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Leo Burnett made this pretty little GreenPeace video for Japan, which is currently undergoing some drama having to do with whaling and such.
Because whale meat was the main source of protein for the island after WWII, Japan feels it has the right to go on whaling, even if there's no demand for the meat (according to the Greenpeace pressie, considering we don't ourselves know how much or how little the island folk need whale meat today).
So Greenpeace goes, okay, let's restructure this historical conversation and turn the notion of man-to-whale relationships into one of reciprocal respect, instead of a Giving Tree situation (we hated that book, by the way) - where one side keeps giving until there's just nothing left.
Voila: an American Express ad for The Members Project, resulting from a collabo between Lost Planet and Martin Scorsese, via Ogilvy. It is surprisingly likable.
Poking fun at self-satisfied cause-whoring like Gap (red) and Kenneth Cole's Are You Putting Us On?, the spot includes Ellen, Andre Agassi and Sheryl Crow, sitting against a generic backdrop and admonishing the sympathetic to go forth and make a difference.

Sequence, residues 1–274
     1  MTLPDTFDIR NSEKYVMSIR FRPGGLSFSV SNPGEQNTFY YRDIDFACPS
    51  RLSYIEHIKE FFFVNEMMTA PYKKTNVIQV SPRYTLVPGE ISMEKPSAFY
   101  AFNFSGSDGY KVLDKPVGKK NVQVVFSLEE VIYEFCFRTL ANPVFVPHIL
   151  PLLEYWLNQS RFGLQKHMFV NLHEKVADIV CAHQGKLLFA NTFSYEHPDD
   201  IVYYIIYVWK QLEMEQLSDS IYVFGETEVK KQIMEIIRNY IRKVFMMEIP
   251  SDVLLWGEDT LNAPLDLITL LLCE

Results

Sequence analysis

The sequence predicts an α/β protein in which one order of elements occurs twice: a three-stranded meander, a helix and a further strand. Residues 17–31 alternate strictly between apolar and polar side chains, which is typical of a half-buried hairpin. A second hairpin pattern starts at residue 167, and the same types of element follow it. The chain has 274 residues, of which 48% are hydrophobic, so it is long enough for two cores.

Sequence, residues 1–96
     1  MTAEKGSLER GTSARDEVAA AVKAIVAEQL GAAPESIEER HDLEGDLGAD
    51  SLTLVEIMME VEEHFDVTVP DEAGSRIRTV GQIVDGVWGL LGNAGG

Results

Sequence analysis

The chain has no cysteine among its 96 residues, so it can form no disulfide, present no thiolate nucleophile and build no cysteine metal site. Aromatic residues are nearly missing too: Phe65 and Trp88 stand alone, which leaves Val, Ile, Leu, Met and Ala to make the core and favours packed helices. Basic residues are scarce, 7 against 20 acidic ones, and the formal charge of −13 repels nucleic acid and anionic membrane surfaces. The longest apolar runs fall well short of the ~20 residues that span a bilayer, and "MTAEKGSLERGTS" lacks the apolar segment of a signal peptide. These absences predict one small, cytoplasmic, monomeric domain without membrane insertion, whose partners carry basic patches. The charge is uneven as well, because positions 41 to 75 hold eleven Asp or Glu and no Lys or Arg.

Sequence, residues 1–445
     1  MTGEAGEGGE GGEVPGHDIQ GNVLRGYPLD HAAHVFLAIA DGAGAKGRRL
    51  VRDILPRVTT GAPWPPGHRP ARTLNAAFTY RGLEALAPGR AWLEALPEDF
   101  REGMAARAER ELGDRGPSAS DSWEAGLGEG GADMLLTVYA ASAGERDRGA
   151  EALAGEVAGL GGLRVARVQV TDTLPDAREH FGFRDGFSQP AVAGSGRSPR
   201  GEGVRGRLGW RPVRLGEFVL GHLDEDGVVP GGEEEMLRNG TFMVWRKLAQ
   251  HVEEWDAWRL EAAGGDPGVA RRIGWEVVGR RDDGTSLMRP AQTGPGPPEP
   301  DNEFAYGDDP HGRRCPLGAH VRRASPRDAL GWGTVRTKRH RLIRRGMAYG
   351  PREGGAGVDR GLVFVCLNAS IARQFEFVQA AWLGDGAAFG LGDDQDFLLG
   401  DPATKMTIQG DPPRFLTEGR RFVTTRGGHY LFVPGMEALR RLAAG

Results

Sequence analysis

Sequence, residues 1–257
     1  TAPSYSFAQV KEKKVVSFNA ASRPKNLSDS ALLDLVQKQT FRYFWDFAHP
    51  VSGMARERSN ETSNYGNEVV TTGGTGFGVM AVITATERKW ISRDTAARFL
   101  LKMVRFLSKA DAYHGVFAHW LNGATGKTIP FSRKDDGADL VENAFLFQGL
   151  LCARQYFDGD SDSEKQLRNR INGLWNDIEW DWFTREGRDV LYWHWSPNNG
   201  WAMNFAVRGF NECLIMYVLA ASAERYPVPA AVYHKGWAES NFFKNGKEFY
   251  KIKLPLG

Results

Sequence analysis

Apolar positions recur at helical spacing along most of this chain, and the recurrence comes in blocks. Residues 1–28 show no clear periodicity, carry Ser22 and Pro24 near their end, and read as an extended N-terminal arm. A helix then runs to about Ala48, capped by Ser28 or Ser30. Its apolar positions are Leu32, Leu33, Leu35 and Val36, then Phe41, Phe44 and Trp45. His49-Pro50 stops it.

For those whose ears automatically perked up at Scorsese's name, there's no gunning-down for the cause. But amid the usual vagaries about doing your part, a casually-dressed guy (Tim from the office next door!) suddenly walks across the shot and points out the importance of keeping Lake Winnipesakee clean.
This sparks confusion between the stars and a general, if hesitant, admission that Lake Winnipesakee is probably worth keeping clean.
The spot ends with an empty stool and the usual closing jibjab about submitting your idea to website X. The winning entry gets not $10,000 (the going idea rate) but a whopping $5 million, which may mean this contest is actually worth someone's while.
We're taken by the infectious pulse of this Spanish Nike ad by Villarosas and production team Agosto. Dubbed Momentum, it showcases an underground battle between famous sports stars, flanked by gypsy drummers.
The audience, which ranges in flavor from urban grit to the polished elite, share a proud-faced intensity that pretty much embodies the emotional Nike ethos.
The press release calls "Momentum" a recognition to "the optimum moment that Spanish sport enjoys." Nice way to put it.
Translation of the closing challenge: "Are you brave enough to be the next?"
Can we put these somewhere on the packaging?
1. Skittles may encourage kinky roleplaying behaviour. "Be a bike, baby, be my bike. And I will bring you to heaven."
2. Skittles may actually be steroids. They both start with S and they're also both plural. Hey, it's an easy mistake to make.
3. Skittles may lead to violent tearing-asunder of world-as-we-know-it.
These new ads for Skittles created by TBWA, Toronto made us not want to have seconds. Outcomes take a turn we don't want to make after the titillating first handful.
We much prefer the Little Lad with the little dance and the I-hate-life! expression. He was so tame in comparison. What happened to that guy?